B 2016 The Royal College of Psychiatrists. This is an open-access article published by the Royal College of Psychiatrists and distributed under the terms of the Creative Commons Attribution License (http://creativecommons.org/ licenses/by/4.0), which permits unrestricted use, distribution, and reproduction in any medium, provided the original work is properly cited.
Dr Sabina Strich BCh, DM, MRCPath, MRCP, FRCPsych Formerly Honorary Consultant Neuropathologist, The Bethlem Royal and The Maudsley hospitals, Reader in Neuropathology, Institute of Psychiatry and Consultant Child and Adolescent Psychiatrist, Croydon Child Guidance Clinic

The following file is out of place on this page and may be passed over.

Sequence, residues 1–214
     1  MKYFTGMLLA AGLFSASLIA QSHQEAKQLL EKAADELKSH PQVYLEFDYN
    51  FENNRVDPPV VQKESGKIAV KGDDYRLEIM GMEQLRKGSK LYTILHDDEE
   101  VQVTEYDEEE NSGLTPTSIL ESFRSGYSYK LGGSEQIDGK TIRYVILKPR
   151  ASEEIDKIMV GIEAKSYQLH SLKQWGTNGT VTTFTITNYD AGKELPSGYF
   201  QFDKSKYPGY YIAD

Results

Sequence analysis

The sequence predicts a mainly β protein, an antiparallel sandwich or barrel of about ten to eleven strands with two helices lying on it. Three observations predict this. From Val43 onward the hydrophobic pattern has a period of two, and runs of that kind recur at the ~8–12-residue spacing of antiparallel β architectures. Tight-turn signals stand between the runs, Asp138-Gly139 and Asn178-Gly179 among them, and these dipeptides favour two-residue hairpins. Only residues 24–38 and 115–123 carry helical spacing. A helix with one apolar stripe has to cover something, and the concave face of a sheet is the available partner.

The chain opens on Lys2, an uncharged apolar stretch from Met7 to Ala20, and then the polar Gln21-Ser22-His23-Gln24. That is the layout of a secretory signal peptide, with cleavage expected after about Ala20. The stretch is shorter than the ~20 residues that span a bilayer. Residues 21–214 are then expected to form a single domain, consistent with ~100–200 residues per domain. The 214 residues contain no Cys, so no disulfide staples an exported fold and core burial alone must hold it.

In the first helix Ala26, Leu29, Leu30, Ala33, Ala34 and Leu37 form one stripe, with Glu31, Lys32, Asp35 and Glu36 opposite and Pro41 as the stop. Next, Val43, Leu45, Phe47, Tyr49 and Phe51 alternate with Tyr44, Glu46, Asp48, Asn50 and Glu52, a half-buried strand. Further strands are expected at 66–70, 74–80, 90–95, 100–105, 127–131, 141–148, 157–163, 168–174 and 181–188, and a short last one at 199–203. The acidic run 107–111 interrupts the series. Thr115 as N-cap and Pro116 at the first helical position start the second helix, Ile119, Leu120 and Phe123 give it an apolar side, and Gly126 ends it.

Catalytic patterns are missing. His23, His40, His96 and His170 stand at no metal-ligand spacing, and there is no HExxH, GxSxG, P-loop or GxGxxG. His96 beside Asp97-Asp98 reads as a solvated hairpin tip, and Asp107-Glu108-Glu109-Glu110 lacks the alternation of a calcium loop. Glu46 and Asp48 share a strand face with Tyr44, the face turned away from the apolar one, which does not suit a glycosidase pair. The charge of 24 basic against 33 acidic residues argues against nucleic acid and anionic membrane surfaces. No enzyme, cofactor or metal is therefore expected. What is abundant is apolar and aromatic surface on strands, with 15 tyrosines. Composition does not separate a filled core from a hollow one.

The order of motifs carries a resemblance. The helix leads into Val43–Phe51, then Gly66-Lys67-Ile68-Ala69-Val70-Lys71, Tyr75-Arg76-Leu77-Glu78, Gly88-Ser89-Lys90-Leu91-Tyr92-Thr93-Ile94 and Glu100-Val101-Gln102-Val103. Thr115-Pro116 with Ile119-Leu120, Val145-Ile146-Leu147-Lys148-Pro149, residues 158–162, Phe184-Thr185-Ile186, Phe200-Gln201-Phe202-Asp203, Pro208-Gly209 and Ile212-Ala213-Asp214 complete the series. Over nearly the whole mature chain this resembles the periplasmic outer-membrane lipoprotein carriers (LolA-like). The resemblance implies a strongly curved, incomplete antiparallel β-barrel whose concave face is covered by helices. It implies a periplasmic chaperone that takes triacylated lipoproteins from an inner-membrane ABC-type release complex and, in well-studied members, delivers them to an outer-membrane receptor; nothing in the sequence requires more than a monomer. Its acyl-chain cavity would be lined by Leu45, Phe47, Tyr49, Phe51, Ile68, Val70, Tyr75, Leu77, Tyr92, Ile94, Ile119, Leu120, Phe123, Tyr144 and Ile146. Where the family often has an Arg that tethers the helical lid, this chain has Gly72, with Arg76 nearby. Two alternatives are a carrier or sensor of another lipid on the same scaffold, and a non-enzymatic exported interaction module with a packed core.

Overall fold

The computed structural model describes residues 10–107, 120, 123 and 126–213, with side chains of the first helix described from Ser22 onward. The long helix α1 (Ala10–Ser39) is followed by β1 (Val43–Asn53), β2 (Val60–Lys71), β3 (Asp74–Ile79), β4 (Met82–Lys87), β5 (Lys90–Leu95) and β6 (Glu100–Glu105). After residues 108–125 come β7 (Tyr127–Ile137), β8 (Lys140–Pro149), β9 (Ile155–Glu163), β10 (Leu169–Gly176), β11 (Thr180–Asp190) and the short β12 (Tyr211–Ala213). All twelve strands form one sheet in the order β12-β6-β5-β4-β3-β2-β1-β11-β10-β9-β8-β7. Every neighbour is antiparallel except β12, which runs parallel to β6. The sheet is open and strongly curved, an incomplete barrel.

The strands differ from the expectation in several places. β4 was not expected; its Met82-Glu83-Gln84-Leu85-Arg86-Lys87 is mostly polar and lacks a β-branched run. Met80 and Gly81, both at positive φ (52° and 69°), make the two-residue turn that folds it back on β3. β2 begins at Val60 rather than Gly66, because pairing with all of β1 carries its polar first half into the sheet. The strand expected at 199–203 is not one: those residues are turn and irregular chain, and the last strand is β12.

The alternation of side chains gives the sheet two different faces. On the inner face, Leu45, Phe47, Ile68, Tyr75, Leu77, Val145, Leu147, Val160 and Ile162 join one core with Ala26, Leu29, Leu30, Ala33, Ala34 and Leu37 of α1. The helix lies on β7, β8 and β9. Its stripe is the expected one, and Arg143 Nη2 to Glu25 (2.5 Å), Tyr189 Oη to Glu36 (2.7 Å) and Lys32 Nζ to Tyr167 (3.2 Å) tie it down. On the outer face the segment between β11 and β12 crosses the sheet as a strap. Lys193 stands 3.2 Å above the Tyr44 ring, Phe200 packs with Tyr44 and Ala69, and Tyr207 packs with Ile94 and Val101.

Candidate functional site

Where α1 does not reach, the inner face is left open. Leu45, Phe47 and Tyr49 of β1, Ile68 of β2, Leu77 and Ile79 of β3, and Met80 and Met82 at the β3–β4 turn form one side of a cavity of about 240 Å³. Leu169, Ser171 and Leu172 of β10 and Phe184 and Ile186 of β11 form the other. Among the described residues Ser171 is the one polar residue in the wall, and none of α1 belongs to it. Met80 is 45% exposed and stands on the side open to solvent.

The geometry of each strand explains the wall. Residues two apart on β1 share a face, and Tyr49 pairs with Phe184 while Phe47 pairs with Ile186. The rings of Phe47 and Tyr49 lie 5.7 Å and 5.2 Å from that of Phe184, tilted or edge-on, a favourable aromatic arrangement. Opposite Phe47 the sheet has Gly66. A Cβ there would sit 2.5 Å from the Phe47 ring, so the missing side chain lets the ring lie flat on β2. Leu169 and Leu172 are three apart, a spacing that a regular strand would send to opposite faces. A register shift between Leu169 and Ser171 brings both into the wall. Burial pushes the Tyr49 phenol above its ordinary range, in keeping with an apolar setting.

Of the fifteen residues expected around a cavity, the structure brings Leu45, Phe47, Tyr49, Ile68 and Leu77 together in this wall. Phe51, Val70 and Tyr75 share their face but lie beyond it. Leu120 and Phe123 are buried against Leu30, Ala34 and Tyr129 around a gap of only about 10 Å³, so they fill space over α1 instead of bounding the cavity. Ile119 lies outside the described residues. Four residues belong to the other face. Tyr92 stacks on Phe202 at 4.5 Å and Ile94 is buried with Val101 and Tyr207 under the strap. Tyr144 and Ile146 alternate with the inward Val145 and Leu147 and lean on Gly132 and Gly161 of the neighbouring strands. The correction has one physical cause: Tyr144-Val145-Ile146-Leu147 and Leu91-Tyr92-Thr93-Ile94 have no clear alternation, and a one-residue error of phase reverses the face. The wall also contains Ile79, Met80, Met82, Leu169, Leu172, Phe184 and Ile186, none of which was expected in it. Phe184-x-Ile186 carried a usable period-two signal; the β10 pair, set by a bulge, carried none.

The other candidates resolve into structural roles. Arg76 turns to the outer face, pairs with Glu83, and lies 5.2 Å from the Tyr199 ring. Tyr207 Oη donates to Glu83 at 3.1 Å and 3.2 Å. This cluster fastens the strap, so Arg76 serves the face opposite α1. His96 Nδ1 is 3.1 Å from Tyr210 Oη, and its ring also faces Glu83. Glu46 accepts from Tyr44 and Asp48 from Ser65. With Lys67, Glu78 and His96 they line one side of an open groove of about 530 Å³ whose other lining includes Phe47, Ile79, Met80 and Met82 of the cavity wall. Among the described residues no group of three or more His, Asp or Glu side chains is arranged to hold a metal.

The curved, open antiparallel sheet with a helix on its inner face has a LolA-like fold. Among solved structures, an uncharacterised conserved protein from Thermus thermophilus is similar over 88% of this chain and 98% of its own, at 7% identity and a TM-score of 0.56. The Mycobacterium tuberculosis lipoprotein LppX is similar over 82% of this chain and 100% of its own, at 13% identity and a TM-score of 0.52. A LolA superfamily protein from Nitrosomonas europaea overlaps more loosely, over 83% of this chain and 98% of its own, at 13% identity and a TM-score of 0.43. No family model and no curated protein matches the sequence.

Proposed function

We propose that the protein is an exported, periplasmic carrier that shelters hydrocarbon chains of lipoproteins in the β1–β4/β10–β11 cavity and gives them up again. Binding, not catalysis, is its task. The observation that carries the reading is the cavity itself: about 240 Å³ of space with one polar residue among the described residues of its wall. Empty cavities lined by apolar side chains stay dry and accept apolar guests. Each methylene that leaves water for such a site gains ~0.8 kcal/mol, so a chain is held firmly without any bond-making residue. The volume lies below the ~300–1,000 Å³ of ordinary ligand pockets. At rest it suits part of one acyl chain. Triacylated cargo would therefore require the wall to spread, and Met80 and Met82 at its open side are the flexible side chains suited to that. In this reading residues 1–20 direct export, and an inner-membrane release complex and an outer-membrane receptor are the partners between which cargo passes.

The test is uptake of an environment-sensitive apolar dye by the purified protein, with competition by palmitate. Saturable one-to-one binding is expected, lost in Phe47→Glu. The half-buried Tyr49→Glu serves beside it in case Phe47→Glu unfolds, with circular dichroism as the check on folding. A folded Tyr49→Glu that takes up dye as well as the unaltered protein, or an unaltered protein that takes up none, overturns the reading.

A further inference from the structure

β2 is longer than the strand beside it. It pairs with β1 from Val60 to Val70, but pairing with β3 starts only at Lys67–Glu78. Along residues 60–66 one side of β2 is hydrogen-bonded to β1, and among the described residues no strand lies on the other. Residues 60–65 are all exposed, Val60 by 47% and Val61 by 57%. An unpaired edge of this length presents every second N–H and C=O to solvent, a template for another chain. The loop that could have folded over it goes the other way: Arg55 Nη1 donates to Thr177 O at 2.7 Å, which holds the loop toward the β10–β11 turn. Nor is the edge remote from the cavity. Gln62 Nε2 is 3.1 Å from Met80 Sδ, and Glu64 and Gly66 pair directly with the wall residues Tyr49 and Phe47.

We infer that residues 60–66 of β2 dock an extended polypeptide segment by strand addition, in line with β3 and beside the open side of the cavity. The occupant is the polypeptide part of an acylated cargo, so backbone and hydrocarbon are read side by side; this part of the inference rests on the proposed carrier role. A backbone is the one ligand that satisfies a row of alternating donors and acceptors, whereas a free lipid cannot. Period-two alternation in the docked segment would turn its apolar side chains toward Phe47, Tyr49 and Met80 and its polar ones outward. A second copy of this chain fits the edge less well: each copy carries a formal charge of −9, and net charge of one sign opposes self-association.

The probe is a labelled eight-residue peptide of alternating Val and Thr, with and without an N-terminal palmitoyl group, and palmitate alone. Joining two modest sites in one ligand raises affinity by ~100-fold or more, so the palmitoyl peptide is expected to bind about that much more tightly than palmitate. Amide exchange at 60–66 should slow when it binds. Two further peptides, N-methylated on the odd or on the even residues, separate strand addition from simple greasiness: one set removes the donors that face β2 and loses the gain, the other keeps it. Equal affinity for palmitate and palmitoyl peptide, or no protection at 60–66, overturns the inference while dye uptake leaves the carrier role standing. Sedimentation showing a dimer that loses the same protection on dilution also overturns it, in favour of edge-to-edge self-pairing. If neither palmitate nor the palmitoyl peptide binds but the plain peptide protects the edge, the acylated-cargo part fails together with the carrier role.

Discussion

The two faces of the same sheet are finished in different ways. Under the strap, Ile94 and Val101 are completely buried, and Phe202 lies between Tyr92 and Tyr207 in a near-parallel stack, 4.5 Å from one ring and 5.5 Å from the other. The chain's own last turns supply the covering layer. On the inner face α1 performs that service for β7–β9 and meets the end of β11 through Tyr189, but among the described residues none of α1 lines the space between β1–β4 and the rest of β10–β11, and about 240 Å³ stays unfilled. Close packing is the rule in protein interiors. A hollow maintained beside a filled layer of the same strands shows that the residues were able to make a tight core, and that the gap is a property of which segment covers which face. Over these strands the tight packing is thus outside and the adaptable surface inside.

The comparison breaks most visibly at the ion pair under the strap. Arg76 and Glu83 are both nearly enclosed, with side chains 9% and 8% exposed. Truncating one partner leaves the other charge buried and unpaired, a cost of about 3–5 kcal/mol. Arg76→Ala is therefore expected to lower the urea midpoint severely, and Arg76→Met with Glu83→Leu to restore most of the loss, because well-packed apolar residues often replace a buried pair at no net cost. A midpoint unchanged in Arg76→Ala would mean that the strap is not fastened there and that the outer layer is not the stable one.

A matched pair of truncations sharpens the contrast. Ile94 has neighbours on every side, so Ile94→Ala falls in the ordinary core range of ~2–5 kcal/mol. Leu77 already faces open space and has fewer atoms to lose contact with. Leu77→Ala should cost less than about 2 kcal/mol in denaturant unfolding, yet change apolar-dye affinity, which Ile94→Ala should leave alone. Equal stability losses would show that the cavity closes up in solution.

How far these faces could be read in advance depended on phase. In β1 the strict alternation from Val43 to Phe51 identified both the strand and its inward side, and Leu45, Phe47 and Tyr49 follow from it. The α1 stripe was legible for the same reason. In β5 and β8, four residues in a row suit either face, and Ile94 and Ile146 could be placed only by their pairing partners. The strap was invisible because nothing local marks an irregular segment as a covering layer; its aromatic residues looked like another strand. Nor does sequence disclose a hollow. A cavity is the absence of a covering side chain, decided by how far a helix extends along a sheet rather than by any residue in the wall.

Dr Sabina Strich, who died aged 90 on 23 May 2015, made pioneering discoveries in the 1950s on the effects of head trauma on the brain. While carrying out histopathological studies with Peter Daniel in Oxford, she identiﬁed characteristic changes to brain cells following severe head injuries. She showed that shearing injuries, arising as a result of rapid acceleration or deceleration at the time of trauma, produced diffuse degeneration of the cerebral white matter1. The histopathological changes she described later became known as diffuse axonal injury (DAI) or Sabina Strich syndrome. She claimed that cellular changes of this type were the cause of later dementia. In 1957, shortly after the